NOTE: Beginning in August 2022, Trinity Reformed Church worked through Proverbs 29 verse by verse for our confession of sin during our liturgy. This post is the second in a series of short articles based on those homilies.
Today’s passage for our confession of faith is Proverbs 29, verse 2:
When the righteous increase, the people rejoice, but when the wicked rule, the people groan. — Proverbs 29:2
Of course, there is an obvious, straightforward application here. It is a simple acknowledgement that political rulers must be righteous and not wicked.
But since very few people reading this would be a political ruler, let’s argue from the greater to the lesser. Let’s apply it to ourselves.
Do any of us have any authority over other people? Are any of us under the authority of other people? With those two questions, I think I’ve covered everyone.
So, there are two lessons for us all.
First: If you are in any kind of authority, in the home, in the workplace, in the church, or wherever, and everyone below you is groaning about something you’ve done, you must be open to the real possibility that you are behaving in some sort of wicked fashion.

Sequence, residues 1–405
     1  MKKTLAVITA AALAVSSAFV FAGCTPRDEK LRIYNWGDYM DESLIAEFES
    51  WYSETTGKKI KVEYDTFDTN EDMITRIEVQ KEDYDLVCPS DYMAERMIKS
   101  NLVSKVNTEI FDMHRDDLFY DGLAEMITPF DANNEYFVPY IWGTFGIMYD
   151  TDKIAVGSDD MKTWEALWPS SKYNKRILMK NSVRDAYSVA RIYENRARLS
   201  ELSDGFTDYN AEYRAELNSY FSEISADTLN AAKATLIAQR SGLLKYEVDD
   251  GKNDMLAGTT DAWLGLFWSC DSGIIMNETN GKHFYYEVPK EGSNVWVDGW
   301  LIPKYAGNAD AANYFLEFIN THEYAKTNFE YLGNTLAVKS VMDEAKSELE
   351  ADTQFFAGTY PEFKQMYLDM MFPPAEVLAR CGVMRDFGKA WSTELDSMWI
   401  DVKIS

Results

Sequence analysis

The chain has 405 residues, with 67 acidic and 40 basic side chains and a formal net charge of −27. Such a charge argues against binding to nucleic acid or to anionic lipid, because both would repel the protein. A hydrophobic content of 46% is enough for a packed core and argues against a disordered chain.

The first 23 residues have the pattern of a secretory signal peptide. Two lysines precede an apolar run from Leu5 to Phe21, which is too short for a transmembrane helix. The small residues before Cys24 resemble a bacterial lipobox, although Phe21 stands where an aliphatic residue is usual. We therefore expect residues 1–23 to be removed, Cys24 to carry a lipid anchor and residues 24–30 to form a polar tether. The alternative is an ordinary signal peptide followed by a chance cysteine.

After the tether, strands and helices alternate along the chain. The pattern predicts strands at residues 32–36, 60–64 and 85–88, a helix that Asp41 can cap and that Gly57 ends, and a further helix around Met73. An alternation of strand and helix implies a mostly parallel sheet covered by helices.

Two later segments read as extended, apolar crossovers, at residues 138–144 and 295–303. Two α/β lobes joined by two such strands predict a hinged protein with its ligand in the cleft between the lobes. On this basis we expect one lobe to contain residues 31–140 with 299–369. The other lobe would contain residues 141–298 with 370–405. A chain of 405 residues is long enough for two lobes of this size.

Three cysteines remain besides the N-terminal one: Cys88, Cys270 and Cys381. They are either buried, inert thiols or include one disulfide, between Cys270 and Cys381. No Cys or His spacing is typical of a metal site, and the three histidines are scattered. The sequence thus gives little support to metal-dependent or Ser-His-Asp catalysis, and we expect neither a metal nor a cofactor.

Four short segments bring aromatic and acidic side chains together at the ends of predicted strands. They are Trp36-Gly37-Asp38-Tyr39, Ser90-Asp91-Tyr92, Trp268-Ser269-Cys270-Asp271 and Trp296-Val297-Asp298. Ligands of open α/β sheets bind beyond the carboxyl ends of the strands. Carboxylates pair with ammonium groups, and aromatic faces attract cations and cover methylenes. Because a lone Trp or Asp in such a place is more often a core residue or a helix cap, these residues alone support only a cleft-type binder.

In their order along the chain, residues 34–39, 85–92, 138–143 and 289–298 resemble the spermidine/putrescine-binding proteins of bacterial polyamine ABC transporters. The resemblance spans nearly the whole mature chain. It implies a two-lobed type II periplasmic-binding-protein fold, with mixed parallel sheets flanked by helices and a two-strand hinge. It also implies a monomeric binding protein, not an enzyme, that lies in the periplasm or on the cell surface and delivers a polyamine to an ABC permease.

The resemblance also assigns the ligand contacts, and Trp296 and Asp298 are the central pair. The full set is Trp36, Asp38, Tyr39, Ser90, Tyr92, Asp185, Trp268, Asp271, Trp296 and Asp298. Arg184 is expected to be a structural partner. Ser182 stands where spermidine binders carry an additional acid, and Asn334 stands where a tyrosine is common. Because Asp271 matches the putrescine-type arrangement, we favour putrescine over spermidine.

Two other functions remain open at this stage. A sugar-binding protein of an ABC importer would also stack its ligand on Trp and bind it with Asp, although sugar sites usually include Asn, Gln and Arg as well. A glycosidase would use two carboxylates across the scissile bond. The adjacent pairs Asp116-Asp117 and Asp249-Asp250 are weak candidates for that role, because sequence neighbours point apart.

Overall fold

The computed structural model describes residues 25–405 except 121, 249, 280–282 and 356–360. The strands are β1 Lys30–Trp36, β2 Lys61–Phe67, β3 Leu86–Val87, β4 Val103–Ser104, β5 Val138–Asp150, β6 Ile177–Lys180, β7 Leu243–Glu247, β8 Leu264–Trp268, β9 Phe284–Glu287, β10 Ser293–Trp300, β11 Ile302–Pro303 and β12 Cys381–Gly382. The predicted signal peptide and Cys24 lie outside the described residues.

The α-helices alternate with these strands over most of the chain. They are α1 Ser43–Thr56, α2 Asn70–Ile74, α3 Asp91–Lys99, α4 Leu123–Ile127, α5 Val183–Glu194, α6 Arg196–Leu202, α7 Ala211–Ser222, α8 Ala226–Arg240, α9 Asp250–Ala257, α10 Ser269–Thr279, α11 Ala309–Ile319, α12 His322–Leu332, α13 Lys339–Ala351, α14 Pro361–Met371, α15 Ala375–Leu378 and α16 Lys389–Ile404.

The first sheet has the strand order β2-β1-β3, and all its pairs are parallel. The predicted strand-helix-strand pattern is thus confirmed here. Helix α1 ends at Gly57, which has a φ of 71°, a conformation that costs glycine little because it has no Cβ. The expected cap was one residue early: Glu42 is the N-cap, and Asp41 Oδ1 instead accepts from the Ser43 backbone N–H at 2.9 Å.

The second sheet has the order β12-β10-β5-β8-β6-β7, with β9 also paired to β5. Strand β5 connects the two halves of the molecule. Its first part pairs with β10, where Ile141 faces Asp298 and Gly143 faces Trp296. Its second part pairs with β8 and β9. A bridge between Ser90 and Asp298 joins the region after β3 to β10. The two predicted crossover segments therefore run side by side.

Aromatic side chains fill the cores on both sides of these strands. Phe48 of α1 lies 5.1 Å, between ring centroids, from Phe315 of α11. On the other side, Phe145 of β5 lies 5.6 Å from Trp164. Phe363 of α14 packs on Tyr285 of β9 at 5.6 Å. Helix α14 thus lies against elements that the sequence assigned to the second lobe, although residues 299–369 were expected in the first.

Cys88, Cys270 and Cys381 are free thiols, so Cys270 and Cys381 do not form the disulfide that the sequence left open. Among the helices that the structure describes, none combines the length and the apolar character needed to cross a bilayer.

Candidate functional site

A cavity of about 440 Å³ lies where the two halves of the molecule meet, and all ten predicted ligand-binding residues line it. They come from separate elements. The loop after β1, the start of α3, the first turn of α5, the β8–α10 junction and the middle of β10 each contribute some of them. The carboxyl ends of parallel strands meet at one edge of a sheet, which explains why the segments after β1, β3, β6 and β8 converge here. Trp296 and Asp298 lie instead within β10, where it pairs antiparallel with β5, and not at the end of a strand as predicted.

Now, don’t fall for a logical fallacy here. “When the wicked rule, the people groan” does not equal, “When the people groan, the rulers must be wicked.” Nope. The people might be groaning because the people are wicked.
Regardless, if everyone is groaning about something you’ve done, you need to be open and humble with that evidence.
Second, and this one might hurt: Kids, when your mom or dad tells you to do something, do you ever groan about it?
Think about it. When you groan about some command you’ve been given, what does that groan say about your parents? It say that you think they are being wicked.
Wives, do you ever groan, or sigh, or roll your eyes, about something your husband does? Or doesn’t do? Husbands, do you ever groan and grumble about your boss? Or your pastor? Or the men in your presbytery? Or, dare I say, about God Himself? The Israelites did. You’re not above it.
When you groan like that, you are the evil counterexample to this proverb. You are saying that the authority over you is wicked.
Now, of course there are honorable ways to object to something your authority has said or done. And even if you are in the unenviable position of having some sort of wicked authority over you, you do not have to sin as a response.
So consider your heart. Are you harboring a groaning attitude toward an authority in your life? Are you wickedly calling that authority wicked? Then repent, saints. Repent.